Thanks to technology, instead of simply watching television of a movie, the viewer can be active. “The way to do that is through story. You build a narrative arc and let the player play through it” (Spencer, as cited in Rose, 2011, p. 127). This is exactly what the National Film Board of Canada has provided us with. Out of their interactive projects, we chose three of them to explore the use of world-building. The projects we chose all tell their story in a distinctive way, each using different elements of storytelling and world-building. The concept of world-building entails that expanding (fictional) worlds are created which consists of multiple stories and provides space for multiple interrelated characters (Jenkins, 2007).
The first interactive video is called ‘’BLABLA’’. The video explores human communication through clicking and many enjoyable ‘’games’’. First, there is nothing but sounds which you have to click on, after that the main character is introduced. All his actions are made possible by the person who’s clicking. Eventually he finds partners and makes small talk which shows how communication is a two way flow. At the end, all the thoughts and interactions the main character had exits his mind in an eccentric way, where after he goes to bed.
The most unique component of this project was the fact that there was no usage of words or conversations, although the whole project illustrated communication. Furthermore, it was mainly 3D-animated, which is not the case with the other videos. The most positive aspect is the abundance of visual effects and the clicking-concept in this project which makes it very engaging. However, I did find the lack of actual words and conversations limiting when it comes to conveying its message.
One can define the main character as the only archetypal figure in this project, he expresses the emotions and experiences he has with human communication. The iconic elements are the colorful visual effects which show the chaos and emotions during communication.
The second project is a story about the village called ‘Pine Point’ that disappeared.
The narrator, someone who used to live in Pine Point, tells the story of how he discovered that Pine Point was gone, and explains to the viewer what the village was like, and later explains that it was built for economic purposes and therefore also removed again. The viewer explores the story and memories in a unique way; through a kind of scrapbook you can click through full of pictures, videos and other memories from Pine Point. The portrayal of the main characters living in Pine Point, and of their lives and their memories of the village, is the main narrative element used. This makes the story feel very personal and therefore builds an intimate atmosphere. This helps showing the point of view of the presenter, and strengthens his message. The world-building elements found here are the points of entry and the pivot points (Kapoor, 2012). The viewer can enter the story not only through the project, but also the actual website of ‘Pine Point revisited’. The parts in the project where you can click through the pictures as if you are watching a photo album are used as pivot points. They provide real evidence for the story which makes the story more vivid. In this sense, the story was told very successfully, as the viewer feels part of the community.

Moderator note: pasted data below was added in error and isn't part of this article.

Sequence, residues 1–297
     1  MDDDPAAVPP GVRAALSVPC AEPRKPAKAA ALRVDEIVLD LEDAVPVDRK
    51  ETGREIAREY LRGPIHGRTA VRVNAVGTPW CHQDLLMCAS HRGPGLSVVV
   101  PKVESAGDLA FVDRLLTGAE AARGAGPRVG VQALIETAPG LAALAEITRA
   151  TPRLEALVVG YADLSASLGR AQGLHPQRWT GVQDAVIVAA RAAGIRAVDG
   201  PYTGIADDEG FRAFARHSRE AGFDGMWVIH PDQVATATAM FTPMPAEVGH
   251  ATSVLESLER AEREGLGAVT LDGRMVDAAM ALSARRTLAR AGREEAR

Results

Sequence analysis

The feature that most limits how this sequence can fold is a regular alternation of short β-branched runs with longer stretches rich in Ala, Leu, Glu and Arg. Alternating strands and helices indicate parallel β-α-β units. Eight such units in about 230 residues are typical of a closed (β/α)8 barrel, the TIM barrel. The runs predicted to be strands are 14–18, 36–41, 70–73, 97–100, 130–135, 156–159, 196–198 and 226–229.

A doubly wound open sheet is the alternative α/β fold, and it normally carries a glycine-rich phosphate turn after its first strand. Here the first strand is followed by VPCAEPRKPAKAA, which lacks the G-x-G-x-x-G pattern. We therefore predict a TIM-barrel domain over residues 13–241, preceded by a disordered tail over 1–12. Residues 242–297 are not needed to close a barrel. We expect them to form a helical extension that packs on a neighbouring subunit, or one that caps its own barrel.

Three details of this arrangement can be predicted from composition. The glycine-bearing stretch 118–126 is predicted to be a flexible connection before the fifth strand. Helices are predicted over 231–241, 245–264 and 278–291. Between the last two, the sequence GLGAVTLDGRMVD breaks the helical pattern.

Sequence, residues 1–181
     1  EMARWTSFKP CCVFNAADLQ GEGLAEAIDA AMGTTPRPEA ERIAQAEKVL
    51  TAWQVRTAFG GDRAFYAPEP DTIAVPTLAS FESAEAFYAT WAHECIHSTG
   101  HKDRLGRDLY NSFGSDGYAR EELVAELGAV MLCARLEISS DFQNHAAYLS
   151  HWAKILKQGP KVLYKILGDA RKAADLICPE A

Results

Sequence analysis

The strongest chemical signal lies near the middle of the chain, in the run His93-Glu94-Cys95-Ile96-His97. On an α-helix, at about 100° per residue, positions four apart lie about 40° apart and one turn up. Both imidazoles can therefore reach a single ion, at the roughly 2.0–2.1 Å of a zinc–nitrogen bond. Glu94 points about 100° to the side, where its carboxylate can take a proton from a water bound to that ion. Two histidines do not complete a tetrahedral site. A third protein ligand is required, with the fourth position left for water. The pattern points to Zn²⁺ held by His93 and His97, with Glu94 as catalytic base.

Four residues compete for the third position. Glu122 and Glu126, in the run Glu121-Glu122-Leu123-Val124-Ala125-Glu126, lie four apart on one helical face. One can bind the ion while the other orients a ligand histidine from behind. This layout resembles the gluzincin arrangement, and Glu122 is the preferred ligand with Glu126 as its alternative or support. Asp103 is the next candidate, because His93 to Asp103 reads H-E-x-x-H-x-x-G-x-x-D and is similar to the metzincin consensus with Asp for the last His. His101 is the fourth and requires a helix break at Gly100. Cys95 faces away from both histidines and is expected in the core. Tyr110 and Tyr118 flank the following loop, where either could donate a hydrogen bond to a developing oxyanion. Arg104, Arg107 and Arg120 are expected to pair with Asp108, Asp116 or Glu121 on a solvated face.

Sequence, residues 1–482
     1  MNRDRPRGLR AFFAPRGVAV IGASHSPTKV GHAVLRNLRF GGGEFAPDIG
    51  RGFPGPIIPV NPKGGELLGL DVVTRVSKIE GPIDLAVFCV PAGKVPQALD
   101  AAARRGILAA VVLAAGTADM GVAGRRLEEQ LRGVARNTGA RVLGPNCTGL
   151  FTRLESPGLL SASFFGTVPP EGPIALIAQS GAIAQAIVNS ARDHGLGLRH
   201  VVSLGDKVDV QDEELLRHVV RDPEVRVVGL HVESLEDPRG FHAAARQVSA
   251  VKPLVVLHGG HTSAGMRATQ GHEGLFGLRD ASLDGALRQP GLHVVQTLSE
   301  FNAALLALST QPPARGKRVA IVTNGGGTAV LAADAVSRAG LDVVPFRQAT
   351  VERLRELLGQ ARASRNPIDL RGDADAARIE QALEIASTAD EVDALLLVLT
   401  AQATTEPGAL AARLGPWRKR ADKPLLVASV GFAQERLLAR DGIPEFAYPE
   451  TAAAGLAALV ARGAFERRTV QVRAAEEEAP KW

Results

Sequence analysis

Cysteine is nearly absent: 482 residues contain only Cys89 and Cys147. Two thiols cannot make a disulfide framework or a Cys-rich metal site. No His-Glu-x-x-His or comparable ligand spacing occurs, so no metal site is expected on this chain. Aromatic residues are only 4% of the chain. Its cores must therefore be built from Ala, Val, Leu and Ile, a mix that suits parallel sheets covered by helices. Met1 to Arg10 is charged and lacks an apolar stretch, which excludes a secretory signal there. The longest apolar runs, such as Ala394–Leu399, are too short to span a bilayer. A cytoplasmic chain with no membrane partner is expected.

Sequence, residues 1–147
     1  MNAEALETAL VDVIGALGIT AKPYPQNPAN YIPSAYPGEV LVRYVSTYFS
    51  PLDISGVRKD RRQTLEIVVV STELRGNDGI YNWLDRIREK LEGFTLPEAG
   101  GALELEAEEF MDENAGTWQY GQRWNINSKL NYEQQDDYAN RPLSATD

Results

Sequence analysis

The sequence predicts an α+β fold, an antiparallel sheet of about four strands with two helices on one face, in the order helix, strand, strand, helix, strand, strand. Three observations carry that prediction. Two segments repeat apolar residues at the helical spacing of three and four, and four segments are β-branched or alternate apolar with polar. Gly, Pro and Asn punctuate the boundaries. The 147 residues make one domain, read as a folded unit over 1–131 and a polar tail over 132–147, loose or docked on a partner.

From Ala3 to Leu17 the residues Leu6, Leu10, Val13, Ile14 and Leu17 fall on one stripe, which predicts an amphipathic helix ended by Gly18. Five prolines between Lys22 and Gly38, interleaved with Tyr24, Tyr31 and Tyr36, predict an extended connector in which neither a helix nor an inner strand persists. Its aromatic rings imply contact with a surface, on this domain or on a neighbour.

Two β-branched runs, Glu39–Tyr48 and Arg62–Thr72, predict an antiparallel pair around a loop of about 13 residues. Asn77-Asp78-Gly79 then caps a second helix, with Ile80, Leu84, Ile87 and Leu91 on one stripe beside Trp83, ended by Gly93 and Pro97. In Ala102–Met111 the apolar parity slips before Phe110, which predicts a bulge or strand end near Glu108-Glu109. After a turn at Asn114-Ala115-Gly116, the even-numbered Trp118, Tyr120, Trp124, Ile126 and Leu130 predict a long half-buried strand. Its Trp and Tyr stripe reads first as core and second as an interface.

The third interactive video is called ‘Flawed’. It tells the story of a girl who felt flawed, because she thought she had many imperfections. Throughout the story she realizes the only one thinking she is flawed is she, and she learns to embrace her flaws. The story is narrated by a voice in first person, and visualized by water-color paintings painted while you listen to the story. Special about this project is the simplicity of it. This makes the story very easy to follow and honest, which is a successful way for communicating its message. On the other hand, compared to the other two projects, it is less interactive, as there is no clicking or choosing possible for the viewer. The main world-building element used is the ‘Call to Action’ (Kapoor, 2012). When the narrator tells her story, the viewer starts to think about their flaws. During the course of the story, the viewer can identify with many things, and at the end the viewer is also convinced to embrace flaws and start to love them, and thus stimulated to take some sort of action. This is also the main narrative element, namely to create a shared mood (Kapoor, 2012), because there are many identifiable elements.
Although all three of them were great, enjoyable transmedia products, we tried to decide which one was most successful in conveying its message to us. If we compare the three, it can be stated that we experienced ‘’Pine Point’’ to be most successful. Its combination of transmedia products and narratives made this project the most engaging of the three. Where ‘’BLABLA’’ lacked clarity at times and ‘’Flawed’’ didn’t have many interactive elements, the authenticity of ‘’Pine Point’’ was what made the difference.
Jenkins, H. (2007) – Transmedia Storytelling 101. Retrieved on the 9th of October, 2012 from http://bblp.eur.nl/bbcswebdav/courses/CM2052-12/Transmedia%20Storytelling%20101.pdf
Kapoor, R. (2012). World Building[PowerPoint slides]. Retrieved on the 9th of October from https://ibcomtransmedia2012.wordpress.com/seminar-slides/slides-week-3/
Rose, F. (2011). Open worlds. In The art of immersion: How the digital generation is remaking Hollywood (pp. 121-143). W.W. Norton & Company.
Wally Ahmady (357227) & Emmy Bruijstens (359495)
Group assignment 2: World building
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